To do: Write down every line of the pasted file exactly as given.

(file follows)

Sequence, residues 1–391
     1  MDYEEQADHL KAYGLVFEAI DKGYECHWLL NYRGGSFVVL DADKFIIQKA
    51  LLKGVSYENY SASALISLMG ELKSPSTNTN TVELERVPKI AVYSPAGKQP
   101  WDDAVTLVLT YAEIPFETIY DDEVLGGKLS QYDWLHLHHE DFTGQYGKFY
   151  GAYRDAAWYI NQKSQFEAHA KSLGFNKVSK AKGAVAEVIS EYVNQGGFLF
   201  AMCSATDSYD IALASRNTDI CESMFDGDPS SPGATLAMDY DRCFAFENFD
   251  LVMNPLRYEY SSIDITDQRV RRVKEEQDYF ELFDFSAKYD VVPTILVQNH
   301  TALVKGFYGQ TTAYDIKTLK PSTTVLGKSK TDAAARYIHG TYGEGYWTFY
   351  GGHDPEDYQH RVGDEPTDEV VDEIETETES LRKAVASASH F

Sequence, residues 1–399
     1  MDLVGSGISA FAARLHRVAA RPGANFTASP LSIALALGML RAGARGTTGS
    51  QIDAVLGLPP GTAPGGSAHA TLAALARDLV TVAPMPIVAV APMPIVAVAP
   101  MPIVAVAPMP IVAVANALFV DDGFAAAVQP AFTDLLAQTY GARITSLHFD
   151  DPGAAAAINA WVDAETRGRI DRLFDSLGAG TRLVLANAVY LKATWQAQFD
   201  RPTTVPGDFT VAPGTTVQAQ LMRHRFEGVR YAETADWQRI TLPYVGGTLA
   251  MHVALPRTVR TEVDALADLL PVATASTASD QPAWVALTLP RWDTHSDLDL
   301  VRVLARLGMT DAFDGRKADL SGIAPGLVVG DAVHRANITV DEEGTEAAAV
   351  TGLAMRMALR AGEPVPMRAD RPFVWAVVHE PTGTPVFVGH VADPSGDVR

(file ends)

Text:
Sequence, residues 1–391
     1  MDYEEQADHL KAYGLVFEAI DKGYECHWLL NYRGGSFVVL DADKFIIQKA
    51  LLKGVSYENY SASALISLMG ELKSPSTNTN TVELERVPKI AVYSPAGKQP
   101  WDDAVTLVLT YAEIPFETIY DDEVLGGKLS QYDWLHLHHE DFTGQYGKFY
   151  GAYRDAAWYI NQKSQFEAHA KSLGFNKVSK AKGAVAEVIS EYVNQGGFLF
   201  AMCSATDSYD IALASRNTDI CESMFDGDPS SPGATLAMDY DRCFAFENFD
   251  LVMNPLRYEY SSIDITDQRV RRVKEEQDYF ELFDFSAKYD VVPTILVQNH
   301  TALVKGFYGQ TTAYDIKTLK PSTTVLGKSK TDAAARYIHG TYGEGYWTFY
   351  GGHDPEDYQH RVGDEPTDEV VDEIETETES LRKAVASASH F

Sequence, residues 1–399
     1  MDLVGSGISA FAARLHRVAA RPGANFTASP LSIALALGML RAGARGTTGS
    51  QIDAVLGLPP GTAPGGSAHA TLAALARDLV TVAPMPIVAV APMPIVAVAP
   101  MPIVAVAPMP IVAVANALFV DDGFAAAVQP AFTDLLAQTY GARITSLHFD
   151  DPGAAAAINA WVDAETRGRI DRLFDSLGAG TRLVLANAVY LKATWQAQFD
   201  RPTTVPGDFT VAPGTTVQAQ LMRHRFEGVR YAETADWQRI TLPYVGGTLA
   251  MHVALPRTVR TEVDALADLL PVATASTASD QPAWVALTLP RWDTHSDLDL
   301  VRVLARLGMT DAFDGRKADL SGIAPGLVVG DAVHRANITV DEEGTEAAAV
   351  TGLAMRMALR AGEPVPMRAD RPFVWAVVHE PTGTPVFVGH VADPSGDVR